Residents in about 30 homes in Cottonwood Creek and Fish Springs Ranch were told Monday that they would get a 30-minute notice to evacuate if necessary, Bender said.
“It’s dry and hot, and we’re expecting zephyrs,” she said, referring to sometimes gusty winds that develop during summer afternoons in the high desert. Firefighters were being aided by bulldozers, helicopters toting water from the lake, and air tankers dropping fire retardant.
Crews reported 35 percent containment of the fires. Bender said one firefighter suffered an unspecified minor injury.
The complex included five fires, all burning within about 20 miles of each other. A command center was established in the nearby California town of Doyle. A shelter was opened at a gymnasium in the Nevada community of Nixon.
To the north, land management bureau spokeswoman Terah Malsam said Monday that firefighters were fighting the Poodle Fire in rugged mountain canyons, aided by air tankers and helicopters.
No injuries were reported, and no structures were threatened. The fire was burning pinion-juniper, mahogany and grasses in the area west of Squaw Creek Reservoir and State Route 447. It started Saturday about 20 miles northwest of Gerlach.
Firefighters in eastern Nevada made good progress stemming the 1.3-square-mile fire in pinyon-juniper, brush and grass about 18 miles southeast of the town of Caliente, Hanefeld said. No injuries were reported, no private property was threatened and the fire wasn’t affecting habitat areas of threatened sage grouse birds, Hanefeld said.
Higher humidity and lower temperatures on Monday helped firefighters battle a destructive fire that has scorched more than 63 square miles near the scenic Big Sur coast, while firefighters in Central California faced blistering heat as they worked to contain a blaze that burned rural homes and forced hundreds of evacuations near the small Fresno County town of Prather.
A layer of ocean air that arrived in the mountainous Big Sur region was credited for the better firefighting conditions in an area where a fire that started July 22 has destroyed 57 homes and 11 outbuildings and is threatening 2,000 more structures. A bulldozer operator working for the firefighting operation died in an accident last week.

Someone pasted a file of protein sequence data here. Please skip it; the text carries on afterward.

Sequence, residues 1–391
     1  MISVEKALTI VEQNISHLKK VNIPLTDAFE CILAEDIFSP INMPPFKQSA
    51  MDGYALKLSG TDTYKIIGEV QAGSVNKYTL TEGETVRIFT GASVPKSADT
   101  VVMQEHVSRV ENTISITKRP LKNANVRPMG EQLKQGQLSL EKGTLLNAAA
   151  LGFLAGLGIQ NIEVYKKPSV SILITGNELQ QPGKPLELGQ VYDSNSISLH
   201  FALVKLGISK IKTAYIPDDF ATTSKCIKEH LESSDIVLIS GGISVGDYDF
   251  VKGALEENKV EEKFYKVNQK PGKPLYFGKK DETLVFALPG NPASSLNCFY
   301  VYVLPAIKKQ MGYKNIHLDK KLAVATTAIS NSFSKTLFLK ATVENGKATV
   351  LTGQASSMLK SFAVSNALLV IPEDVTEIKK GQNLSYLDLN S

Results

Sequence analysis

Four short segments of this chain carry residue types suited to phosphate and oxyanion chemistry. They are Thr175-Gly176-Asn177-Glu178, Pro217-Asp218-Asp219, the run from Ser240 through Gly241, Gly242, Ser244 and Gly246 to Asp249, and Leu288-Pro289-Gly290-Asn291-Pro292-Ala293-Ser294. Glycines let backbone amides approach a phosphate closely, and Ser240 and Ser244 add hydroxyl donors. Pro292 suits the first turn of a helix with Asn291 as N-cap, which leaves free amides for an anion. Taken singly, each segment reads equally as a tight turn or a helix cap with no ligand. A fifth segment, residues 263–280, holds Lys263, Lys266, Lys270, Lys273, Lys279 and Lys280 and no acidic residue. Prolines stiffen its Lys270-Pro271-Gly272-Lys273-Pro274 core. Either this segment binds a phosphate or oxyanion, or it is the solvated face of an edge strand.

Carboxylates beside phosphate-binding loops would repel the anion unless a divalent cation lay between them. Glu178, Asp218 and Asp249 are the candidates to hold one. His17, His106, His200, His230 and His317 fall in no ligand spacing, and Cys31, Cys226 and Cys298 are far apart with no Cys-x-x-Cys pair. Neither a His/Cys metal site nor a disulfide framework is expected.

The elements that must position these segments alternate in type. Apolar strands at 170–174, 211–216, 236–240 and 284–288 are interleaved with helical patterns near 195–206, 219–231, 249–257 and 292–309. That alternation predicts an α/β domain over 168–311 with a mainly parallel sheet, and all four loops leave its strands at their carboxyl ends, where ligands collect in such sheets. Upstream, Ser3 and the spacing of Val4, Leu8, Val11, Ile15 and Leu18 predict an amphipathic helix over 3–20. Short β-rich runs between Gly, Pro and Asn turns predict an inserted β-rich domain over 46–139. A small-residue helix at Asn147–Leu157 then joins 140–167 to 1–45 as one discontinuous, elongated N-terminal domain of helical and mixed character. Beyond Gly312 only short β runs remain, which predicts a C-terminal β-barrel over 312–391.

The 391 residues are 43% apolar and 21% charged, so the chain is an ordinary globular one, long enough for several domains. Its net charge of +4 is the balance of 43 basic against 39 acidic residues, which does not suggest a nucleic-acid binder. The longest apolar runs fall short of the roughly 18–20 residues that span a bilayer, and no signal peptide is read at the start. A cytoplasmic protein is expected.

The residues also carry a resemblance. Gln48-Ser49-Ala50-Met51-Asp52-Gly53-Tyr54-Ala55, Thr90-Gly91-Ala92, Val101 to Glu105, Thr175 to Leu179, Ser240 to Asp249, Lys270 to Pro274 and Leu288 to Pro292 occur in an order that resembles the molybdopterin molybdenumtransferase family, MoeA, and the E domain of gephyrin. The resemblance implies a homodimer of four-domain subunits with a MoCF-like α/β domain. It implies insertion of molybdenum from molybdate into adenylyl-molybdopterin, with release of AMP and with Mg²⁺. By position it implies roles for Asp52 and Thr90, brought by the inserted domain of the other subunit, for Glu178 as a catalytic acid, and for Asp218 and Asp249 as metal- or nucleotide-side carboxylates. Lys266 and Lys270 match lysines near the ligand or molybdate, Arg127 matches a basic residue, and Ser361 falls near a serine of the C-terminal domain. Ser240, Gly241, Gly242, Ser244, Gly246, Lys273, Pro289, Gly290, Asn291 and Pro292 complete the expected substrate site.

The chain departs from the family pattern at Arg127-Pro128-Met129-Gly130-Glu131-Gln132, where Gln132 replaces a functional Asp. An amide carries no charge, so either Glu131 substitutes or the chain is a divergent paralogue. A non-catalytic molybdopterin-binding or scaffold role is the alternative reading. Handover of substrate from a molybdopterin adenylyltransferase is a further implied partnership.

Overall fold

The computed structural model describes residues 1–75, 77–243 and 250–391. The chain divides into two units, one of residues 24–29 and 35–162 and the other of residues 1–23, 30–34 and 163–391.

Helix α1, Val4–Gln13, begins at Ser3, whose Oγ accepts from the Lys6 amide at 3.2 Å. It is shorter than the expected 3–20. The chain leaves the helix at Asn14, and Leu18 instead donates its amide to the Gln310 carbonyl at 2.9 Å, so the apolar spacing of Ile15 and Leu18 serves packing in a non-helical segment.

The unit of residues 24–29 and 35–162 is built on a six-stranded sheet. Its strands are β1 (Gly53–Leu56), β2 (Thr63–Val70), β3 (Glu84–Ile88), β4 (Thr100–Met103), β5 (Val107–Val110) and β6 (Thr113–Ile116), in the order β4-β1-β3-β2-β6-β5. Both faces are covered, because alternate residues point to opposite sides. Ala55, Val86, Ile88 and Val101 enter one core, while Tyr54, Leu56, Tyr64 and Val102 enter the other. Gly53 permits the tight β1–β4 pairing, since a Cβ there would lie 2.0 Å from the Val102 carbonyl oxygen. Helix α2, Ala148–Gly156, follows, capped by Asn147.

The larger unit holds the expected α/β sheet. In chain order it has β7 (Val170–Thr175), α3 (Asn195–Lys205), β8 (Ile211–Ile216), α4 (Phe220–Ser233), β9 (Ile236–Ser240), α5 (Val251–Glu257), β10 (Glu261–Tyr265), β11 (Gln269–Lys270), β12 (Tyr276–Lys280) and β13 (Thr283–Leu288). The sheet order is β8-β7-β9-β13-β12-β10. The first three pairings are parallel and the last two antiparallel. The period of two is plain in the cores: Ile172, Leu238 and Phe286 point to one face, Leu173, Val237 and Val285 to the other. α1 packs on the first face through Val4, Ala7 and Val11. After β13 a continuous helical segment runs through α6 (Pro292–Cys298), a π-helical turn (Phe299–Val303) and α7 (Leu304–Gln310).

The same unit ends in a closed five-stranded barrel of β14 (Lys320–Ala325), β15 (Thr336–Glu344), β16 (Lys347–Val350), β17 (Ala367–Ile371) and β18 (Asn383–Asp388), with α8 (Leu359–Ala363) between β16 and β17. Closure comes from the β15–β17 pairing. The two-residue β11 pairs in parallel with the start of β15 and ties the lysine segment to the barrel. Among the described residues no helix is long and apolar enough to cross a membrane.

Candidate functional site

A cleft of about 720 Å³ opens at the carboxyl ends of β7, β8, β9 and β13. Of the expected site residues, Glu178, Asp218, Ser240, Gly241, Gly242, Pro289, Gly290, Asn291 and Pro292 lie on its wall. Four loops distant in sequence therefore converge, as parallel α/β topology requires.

The blaze near Prather damaged an undetermined number of 400 evacuated homes just outside the Sierra National Forest, the California Department of Forestry and Fire Protection said.
That fire started Saturday and by Monday had grown to nearly 3 square miles with just 15 percent of it cut off by firefighters from burning further.
Just north of Los Angeles, a 65-square-mile wildfire in wilderness just north of Los Angeles was almost fully contained and only active with isolated pockets of vegetation burning within a perimeter firefighters established to prevent it from burning outside the zone. A man who refused to evacuate from a home was killed and the fire also prompted the evacuation of about 20,000 people.
A southwest Idaho wildfire burning timber in rugged terrain and pushed by winds grew to 60 square miles Monday.
Temperatures in the 90s, wind and low humidity caused significant expansion on Sunday. Firefighting aircraft were grounded for about 45 minutes because of people flying their drones in the area, creating a potential hazard for the aircraft pilots.